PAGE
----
When was the last time your board discussed your building’s curb appeal? How about its approach to water conservation?
These are good questions to ask, and they’re good examples of what the Agency had in mind when we developed our online Self Assessment.
This tool will guide you through five key areas that are important to your co-op’s operations: governance, social inclusion, financial viability, asset management and sustainability.
In the governance domain, the Self Assessment helps you delve into your co-op’s governance structures, decision-making processes and approach to member engagement. For social inclusion, you’ll assess your inclusivity by exploring diversity practices and community engagement initiatives.
In the section on financial viability, questions focus on financial planning, budgeting and long-term sustainability, while in the asset management section, you’ll be thinking about maintenance strategies, capital planning and risk management.
Finally, the sustainability section asks about your co-op’s environmentally friendly practices and energy efficiency.
Taken together, the questions your co-op answers will give you a 360o view of your operations. Beyond that, they’ll paint a picture of where you’re doing well and where there is room to improve.
For co-ops in the Rental Assistance Program (FCHI-2), the questionnaire links directly to an online tool for creating, filing and updating the Action Plan that your co-op must maintain as a program requirement.
By answering these questions together as a board or with your staff or members, you’ll get a clearer picture of where your co-op is. Knowing this will help you decide where you want to go.
At least, that’s what members at the Charles Hastings Housing Co-operative told us.
Charles Hastings is a 91-unit co-op located in Toronto, ON. Its board members found that completing the questionnaire shone a light on lesser-known aspects of both the building and the co-op’s operations.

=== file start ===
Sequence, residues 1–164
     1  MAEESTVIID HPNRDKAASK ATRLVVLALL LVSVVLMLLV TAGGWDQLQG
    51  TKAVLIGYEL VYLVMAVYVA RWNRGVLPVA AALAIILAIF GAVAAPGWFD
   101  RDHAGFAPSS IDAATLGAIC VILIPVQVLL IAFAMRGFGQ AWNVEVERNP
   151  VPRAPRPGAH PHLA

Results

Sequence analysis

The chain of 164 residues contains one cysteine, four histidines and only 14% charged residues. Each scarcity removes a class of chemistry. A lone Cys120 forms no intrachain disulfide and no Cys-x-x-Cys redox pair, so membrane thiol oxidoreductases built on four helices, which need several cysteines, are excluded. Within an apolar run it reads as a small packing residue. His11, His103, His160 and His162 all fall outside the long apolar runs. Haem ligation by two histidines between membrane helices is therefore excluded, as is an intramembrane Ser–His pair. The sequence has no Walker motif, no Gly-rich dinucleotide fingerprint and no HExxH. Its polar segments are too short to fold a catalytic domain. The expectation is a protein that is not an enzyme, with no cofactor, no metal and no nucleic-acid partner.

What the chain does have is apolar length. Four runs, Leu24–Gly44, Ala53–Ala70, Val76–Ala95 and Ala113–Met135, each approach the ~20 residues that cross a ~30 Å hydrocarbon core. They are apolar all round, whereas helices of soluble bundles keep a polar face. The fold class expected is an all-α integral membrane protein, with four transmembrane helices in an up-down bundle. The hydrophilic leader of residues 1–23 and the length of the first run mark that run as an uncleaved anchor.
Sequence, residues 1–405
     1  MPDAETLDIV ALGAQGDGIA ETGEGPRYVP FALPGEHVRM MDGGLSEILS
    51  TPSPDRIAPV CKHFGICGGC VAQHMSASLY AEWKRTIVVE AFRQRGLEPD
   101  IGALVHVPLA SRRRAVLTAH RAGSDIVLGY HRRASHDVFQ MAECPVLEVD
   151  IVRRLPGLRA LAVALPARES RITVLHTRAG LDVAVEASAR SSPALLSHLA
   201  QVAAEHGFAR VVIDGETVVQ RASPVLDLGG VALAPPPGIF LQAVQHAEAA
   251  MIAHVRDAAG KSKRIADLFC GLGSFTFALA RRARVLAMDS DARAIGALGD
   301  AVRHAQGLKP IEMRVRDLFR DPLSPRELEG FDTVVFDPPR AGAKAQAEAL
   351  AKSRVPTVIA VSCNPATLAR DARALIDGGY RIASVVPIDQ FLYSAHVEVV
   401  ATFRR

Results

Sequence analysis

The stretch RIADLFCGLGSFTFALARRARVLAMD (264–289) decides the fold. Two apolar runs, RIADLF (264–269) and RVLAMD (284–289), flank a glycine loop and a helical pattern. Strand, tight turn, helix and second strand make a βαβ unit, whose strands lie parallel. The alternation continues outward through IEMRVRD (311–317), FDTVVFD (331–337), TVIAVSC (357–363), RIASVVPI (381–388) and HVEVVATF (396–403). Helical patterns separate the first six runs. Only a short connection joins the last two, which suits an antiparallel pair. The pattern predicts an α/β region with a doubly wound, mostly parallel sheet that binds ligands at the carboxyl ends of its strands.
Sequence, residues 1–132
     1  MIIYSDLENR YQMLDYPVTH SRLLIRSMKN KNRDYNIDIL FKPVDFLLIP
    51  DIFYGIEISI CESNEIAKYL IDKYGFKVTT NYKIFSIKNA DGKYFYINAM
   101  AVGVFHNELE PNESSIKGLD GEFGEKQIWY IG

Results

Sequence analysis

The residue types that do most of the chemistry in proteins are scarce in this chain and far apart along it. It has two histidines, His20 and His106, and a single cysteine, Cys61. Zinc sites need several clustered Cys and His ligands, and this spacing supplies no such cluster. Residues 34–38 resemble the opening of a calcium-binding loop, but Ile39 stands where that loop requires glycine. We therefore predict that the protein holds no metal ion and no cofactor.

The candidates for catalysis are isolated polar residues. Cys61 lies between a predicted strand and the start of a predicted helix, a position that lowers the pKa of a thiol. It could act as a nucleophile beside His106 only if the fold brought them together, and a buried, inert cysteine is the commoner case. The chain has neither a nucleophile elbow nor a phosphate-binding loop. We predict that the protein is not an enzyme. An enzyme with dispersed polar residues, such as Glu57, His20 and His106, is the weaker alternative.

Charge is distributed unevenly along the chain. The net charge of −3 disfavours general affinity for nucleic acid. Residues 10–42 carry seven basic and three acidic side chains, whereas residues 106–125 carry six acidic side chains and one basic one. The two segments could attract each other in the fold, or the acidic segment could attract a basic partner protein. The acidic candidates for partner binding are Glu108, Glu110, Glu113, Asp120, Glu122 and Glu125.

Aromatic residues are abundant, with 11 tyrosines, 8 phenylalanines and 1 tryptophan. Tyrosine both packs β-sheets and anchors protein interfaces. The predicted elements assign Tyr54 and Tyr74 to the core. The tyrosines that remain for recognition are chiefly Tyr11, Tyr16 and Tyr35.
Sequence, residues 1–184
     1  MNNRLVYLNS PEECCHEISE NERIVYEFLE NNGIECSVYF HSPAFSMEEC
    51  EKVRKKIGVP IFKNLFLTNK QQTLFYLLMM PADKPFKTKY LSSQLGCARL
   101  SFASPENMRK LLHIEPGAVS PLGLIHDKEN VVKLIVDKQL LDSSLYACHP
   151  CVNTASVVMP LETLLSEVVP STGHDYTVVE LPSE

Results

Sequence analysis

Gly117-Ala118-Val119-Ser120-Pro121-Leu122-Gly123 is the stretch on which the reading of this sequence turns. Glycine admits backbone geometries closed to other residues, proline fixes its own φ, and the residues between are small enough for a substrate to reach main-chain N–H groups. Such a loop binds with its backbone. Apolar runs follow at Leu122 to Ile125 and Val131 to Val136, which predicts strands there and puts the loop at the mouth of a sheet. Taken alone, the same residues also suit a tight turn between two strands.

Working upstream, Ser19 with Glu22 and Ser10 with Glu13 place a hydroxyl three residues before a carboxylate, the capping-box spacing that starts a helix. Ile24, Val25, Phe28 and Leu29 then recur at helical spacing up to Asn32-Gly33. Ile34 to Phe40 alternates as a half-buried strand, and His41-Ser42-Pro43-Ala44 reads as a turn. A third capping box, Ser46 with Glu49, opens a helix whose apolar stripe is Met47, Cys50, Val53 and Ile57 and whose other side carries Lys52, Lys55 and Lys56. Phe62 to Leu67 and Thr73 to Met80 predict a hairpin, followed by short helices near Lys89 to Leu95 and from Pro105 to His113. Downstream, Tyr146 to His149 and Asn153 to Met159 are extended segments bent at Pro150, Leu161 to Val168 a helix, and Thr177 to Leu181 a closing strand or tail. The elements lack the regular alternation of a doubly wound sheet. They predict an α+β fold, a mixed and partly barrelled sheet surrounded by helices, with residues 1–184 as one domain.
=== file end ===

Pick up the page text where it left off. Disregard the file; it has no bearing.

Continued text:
“It’s one thing to live in a building, and it’s another thing entirely to know how the building physically operates and everything that goes into maintaining it,” said Lloyd Lipinski, president of the co-op’s board.
Lipinski said that they shared the questionnaire with board members in advance and asked them to review it. Once they all had a chance to look at the questions, the board came together to complete the questionnaire.
All in all, completing it together took them a little over an hour.
Now, the directors are transforming the questionnaire into a survey they can pass along to members for direct input on what the co-op is doing and how they’re doing it.
What advice would they share with other co-ops working through the questionnaire?
“Take your time,” said Ellen Hill, the board’s vice-president. “Plan at least one or two sessions for the board to really go through it in detail and talk about the questions you’re answering.
“It’s not just about checking off boxes, it’s a tool for taking a closer look at your home,” Hill said.
Want more information? Check out our tutorial video on the Self-Assessment Questionnaire and Action Plans tools or contact your co-op’s rental assistance officer.